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Publication

Enzyme and Antioxidant Activities of Malted Bambara Groundnut as Affected by Steeping and Sprouting Times.

Adetokunboh, A. H., Obilana, A. O. & Jideani, V. A. (2022). Foods, 11(6), 783.

Bambara groundnut (BGN) is termed a complete food due to its nutritional composition and has been researched often for its nutritional constituents. Malting BGN seeds have shown improved nutritional and functional characteristics, which can be used to produce an amylase-rich product as a functional ingredient for food and beverage production in homes and industries. The aim of this study was to investigate the enzyme and antioxidant activities of malted BGN affected by steeping and sprouting times. BGN was malted by steeping in distilled water at 25-30°C for 36 and 48 h and then sprouted for 144 h at 30°C. Samples were drawn every 24 h for drying to study the effect of steeping and sprouting times on the moisture, sprout length, pH, colour, protein content, amylase, total polyphenols, and antioxidant activities of the BGN seeds. The steeping and sprouting times significantly affected the BGN malt colour quality and pH. The protein content of the malted BGN seeds was not significantly different based on steeping and sprouting times. Steeping and sprouting times significantly affected the α- and β-amylase activities of the BGN seeds. The activity of amylases for 36 and 48 h steeping times were 0.16 and 0.15 CU/g for α-amylase and were 0.22 and 0.23 BU/g for β-amylase, respectively. Amylase-rich BGN malt was produced by steeping for 36 h and sprouting for 96 h. Amylase-rich BGN malt can be useful as a functional food ingredient in food and beverage formulations.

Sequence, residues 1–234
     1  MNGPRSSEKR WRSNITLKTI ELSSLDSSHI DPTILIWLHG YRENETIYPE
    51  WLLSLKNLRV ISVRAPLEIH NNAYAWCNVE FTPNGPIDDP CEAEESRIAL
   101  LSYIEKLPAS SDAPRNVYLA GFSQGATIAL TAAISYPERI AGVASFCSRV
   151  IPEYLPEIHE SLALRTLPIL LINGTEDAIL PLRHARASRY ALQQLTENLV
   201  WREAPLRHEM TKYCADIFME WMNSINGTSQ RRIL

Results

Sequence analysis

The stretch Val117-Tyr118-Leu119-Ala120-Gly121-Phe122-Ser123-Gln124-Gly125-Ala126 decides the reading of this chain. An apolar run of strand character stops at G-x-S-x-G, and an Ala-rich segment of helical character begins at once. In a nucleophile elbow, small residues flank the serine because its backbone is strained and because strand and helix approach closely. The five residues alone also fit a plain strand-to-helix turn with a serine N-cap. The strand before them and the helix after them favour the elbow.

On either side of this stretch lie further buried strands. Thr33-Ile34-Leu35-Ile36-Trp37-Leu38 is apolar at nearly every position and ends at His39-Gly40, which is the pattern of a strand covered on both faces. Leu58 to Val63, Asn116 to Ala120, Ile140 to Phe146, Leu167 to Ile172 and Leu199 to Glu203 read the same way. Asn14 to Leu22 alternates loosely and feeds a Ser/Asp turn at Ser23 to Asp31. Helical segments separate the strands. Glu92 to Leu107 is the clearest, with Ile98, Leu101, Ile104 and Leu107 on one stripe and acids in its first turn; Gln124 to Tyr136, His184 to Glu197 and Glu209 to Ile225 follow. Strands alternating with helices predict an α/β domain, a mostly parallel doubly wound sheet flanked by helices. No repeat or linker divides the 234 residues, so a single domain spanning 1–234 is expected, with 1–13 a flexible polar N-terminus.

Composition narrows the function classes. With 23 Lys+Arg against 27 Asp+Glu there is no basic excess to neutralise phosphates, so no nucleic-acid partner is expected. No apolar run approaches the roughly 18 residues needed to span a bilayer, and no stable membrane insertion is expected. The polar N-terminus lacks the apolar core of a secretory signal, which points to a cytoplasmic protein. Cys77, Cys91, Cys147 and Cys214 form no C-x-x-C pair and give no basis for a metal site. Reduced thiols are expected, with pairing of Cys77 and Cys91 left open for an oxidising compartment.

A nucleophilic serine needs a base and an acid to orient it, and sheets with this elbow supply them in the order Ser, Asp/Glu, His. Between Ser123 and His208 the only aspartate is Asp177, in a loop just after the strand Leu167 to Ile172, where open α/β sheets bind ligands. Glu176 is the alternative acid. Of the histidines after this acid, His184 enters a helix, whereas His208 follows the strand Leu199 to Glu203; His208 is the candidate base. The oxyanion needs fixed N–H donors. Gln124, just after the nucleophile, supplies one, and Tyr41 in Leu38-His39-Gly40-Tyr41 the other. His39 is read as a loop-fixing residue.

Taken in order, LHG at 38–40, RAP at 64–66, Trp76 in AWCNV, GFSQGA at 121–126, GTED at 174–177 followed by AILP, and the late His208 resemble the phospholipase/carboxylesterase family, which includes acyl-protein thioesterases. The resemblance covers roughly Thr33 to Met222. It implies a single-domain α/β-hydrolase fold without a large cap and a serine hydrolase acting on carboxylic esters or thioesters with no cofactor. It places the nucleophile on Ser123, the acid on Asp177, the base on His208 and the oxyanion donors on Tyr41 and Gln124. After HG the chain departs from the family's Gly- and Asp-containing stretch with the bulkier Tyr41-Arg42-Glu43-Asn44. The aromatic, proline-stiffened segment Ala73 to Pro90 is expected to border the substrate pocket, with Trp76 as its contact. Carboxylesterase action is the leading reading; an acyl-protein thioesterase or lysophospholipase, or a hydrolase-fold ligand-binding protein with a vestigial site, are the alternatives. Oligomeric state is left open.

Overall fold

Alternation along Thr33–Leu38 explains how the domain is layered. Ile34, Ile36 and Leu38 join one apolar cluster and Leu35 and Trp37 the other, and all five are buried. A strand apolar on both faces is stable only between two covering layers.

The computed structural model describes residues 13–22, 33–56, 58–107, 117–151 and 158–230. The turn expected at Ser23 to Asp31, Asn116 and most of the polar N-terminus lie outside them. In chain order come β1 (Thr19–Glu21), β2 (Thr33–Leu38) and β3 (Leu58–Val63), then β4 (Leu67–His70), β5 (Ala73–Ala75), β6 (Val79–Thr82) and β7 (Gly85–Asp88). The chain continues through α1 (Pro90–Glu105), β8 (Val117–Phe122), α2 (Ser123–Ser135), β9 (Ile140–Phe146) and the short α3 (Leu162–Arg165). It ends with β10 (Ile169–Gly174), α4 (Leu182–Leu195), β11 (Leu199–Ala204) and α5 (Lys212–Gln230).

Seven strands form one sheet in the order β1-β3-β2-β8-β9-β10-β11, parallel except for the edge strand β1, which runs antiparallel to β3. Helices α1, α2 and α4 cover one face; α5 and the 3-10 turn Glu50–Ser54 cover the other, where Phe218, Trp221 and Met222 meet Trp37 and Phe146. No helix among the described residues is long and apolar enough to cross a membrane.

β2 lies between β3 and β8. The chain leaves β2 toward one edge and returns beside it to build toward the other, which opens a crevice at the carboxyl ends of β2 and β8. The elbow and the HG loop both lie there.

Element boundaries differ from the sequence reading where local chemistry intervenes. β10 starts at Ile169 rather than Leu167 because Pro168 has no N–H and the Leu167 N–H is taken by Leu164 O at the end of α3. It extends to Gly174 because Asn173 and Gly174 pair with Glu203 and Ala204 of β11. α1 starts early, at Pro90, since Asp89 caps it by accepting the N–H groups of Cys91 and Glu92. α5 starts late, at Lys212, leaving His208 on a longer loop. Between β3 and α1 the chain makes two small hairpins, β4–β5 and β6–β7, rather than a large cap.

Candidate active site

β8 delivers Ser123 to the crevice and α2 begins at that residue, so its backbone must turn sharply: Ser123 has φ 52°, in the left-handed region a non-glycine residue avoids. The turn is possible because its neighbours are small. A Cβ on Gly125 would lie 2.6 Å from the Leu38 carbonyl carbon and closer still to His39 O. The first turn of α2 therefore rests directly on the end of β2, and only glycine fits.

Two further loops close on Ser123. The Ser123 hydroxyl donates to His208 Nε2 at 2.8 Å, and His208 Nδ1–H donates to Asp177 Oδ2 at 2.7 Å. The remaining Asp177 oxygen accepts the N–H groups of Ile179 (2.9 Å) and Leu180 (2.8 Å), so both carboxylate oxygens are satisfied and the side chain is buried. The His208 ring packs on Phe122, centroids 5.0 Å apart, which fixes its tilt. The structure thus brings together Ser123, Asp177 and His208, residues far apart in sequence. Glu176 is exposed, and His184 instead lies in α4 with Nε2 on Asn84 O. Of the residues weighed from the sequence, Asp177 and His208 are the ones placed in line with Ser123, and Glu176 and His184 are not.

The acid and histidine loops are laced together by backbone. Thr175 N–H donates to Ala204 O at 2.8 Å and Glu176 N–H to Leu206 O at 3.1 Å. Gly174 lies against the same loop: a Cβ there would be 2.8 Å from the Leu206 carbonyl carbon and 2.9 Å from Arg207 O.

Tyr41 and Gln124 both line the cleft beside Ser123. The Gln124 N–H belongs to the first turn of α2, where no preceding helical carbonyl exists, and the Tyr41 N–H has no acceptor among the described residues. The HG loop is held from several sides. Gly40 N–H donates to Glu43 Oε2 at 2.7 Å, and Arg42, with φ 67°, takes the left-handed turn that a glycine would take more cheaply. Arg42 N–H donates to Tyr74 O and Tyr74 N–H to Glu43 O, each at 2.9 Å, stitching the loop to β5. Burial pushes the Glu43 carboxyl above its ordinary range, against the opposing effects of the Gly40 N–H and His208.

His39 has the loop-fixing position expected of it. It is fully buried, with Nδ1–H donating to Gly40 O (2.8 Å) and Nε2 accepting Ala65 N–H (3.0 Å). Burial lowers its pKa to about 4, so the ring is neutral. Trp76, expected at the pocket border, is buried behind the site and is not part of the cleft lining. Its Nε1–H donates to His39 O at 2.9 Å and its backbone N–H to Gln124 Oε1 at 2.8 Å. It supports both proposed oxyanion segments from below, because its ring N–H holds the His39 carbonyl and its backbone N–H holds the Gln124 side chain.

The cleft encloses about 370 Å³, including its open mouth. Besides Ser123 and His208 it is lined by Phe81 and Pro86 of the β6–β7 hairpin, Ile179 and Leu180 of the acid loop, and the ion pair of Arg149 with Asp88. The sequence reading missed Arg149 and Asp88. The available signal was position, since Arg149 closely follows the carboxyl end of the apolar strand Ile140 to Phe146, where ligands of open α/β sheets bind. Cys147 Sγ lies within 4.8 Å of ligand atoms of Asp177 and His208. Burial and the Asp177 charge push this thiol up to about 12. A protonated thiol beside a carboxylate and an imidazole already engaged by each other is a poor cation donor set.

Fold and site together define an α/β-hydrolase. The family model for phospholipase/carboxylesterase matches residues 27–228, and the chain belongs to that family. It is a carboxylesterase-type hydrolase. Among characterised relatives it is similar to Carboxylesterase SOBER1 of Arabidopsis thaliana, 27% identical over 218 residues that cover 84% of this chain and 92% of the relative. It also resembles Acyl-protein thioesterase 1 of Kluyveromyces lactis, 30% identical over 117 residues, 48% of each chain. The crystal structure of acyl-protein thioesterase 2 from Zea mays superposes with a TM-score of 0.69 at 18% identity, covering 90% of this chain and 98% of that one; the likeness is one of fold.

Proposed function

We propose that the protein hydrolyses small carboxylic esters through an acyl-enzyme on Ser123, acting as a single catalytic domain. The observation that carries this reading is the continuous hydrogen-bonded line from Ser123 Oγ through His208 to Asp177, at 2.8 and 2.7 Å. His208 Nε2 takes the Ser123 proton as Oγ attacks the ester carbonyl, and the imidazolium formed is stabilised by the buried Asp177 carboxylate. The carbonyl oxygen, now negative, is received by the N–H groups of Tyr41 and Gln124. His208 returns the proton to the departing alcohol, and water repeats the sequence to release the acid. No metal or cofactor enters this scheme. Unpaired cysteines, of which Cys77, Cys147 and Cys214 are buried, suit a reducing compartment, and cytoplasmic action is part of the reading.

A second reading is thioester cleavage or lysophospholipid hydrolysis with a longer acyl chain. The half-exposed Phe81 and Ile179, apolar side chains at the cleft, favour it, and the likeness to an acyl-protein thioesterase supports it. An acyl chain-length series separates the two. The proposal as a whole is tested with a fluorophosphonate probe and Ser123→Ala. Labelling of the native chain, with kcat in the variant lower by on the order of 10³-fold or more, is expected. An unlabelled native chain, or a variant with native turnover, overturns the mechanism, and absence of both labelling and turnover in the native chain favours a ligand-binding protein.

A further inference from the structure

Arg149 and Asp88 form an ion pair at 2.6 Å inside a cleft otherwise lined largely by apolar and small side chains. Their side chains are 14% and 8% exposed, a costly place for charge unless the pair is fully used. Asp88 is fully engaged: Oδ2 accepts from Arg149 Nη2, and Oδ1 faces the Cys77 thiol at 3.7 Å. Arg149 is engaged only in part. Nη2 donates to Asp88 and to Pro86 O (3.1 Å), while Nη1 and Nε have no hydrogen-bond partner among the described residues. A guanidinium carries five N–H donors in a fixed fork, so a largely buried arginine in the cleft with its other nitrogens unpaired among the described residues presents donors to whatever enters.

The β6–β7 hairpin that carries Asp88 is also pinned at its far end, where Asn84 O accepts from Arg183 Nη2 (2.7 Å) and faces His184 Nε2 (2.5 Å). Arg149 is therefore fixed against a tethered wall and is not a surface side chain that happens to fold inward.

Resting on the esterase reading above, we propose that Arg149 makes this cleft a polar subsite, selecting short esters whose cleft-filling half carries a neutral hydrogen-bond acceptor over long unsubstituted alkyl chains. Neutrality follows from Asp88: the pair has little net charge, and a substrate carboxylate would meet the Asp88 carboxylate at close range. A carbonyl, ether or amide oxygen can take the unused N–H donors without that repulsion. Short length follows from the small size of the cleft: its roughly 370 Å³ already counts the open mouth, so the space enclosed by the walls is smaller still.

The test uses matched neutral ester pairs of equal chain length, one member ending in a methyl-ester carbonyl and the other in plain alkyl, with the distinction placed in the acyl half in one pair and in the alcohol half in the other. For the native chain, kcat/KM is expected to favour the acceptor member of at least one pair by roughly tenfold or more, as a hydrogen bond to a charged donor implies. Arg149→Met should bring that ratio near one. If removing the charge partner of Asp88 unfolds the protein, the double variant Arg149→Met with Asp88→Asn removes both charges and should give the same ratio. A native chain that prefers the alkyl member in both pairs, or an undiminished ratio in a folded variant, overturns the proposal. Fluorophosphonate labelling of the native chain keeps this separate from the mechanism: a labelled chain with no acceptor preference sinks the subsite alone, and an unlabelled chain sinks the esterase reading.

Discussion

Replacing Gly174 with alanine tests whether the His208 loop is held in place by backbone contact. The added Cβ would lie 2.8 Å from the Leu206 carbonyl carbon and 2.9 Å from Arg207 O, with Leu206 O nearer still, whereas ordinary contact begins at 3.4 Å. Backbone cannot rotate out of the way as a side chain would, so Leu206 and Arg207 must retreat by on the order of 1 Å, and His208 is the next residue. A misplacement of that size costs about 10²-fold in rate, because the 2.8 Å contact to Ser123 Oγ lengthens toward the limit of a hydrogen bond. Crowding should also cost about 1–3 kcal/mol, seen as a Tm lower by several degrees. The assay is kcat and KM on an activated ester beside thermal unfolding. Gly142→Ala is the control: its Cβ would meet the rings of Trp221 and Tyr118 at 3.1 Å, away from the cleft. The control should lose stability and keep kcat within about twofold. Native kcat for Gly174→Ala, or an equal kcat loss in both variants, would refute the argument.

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Publication

β-Glucan from mushrooms and dates as a wall material for targeted delivery of model bioactive compound: Nutraceutical profiling and bioavailability.

Shah, A., ul Ashraf, Z., Gani, A., Masoodi, F. A. & Gani, A. (2022). Ultrasonics Sonochemistry, 82, 105884.